Detailed characterization of laboratory magnetized super-critical collisionless shock and of the associated proton energization

Research paper by W. Yao, A. Fazzini, S. N. Chen, K. Burdonov, P. Antici, J. Béard, S. Bolaños, A. Ciardi, R. Diab, E. D. Filippov, S. Kisyov, V. Lelasseux, M. Miceli, Q. Moreno, V. Nastasa, et al.

Indexed on: 27 Apr '21Published on: 25 Apr '21Published in: arXiv - Physics - Plasma Physics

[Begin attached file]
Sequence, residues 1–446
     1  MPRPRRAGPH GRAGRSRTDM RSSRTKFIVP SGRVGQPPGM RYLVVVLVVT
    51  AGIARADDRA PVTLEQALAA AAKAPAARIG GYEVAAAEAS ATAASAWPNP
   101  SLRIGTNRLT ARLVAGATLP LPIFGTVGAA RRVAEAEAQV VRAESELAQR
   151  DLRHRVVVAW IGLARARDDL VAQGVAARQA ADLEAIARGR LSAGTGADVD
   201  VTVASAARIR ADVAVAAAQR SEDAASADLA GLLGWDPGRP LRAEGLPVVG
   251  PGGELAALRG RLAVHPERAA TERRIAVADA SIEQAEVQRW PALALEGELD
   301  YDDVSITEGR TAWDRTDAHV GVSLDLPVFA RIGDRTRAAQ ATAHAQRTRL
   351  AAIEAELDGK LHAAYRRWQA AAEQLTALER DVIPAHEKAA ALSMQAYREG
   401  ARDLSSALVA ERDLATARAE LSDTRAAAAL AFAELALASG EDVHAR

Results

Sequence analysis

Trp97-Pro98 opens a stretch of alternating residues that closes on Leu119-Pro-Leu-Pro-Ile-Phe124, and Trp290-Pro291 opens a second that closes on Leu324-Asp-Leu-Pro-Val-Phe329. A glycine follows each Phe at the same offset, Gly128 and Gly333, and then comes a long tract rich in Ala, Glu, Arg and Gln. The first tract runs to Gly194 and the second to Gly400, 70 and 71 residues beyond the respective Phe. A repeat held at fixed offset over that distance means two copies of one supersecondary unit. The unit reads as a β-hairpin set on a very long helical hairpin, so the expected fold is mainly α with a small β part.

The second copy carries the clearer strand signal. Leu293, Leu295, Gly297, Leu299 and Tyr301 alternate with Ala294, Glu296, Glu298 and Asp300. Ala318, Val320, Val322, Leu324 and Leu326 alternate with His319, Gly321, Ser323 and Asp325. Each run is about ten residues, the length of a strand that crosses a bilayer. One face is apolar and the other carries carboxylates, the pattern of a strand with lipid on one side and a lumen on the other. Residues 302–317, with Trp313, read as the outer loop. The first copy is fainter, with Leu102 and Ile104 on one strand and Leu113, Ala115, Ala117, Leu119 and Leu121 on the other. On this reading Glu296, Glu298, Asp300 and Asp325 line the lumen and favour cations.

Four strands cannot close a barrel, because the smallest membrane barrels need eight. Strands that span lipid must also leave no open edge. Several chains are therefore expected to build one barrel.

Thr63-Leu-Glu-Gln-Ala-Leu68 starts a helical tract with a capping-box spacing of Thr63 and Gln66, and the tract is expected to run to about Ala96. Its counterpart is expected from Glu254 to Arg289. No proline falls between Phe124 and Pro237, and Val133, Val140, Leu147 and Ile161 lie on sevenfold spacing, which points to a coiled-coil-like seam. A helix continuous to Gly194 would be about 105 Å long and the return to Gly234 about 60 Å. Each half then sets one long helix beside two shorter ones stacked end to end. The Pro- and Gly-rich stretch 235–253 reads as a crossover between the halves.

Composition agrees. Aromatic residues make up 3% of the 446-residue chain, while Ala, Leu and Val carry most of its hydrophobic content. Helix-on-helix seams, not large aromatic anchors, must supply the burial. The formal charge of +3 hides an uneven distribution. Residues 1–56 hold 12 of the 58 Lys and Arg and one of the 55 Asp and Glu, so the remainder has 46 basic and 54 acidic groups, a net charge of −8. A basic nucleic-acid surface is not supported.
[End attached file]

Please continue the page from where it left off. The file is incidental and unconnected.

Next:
Collisionless shocks are ubiquitous in the Universe and are held responsible for the production of non-thermal particles and high-energy radiation. In the absence of particle collisions in the system, theoretical works show that the interaction of an expanding plasma with a pre-existing electromagnetic structure (as in our case) is able to induce energy dissipation and allow for shock formation. Shock formation can alternatively take place when two plasmas interact, through microscopic instabilities inducing electromagnetic fields which are able in turn to mediate energy dissipation and shock formation. Using our platform where we couple a fast-expanding plasma induced by high-power lasers (JLF/Titan at LLNL and LULI2000) with high-strength magnetic fields, we have investigated the generation of magnetized collisionless shock and the associated particle energization. We have characterized the shock to be collisionless and super-critical. We report here on measurements of the plasma density, temperature, the electromagnetic field structures, and particle energization in the experiments, under various conditions of ambient plasma and B-field. We have also modeled the formation of the shocks using macroscopic hydrodynamic simulations and the associated particle acceleration using kinetic particle-in-cell simulations. As a companion paper of \citet{yao2020laboratory}, here we show additional results of the experiments and simulations, providing more information to reproduce them and demonstrating the robustness of our interpreted proton energization mechanism to be shock surfing acceleration.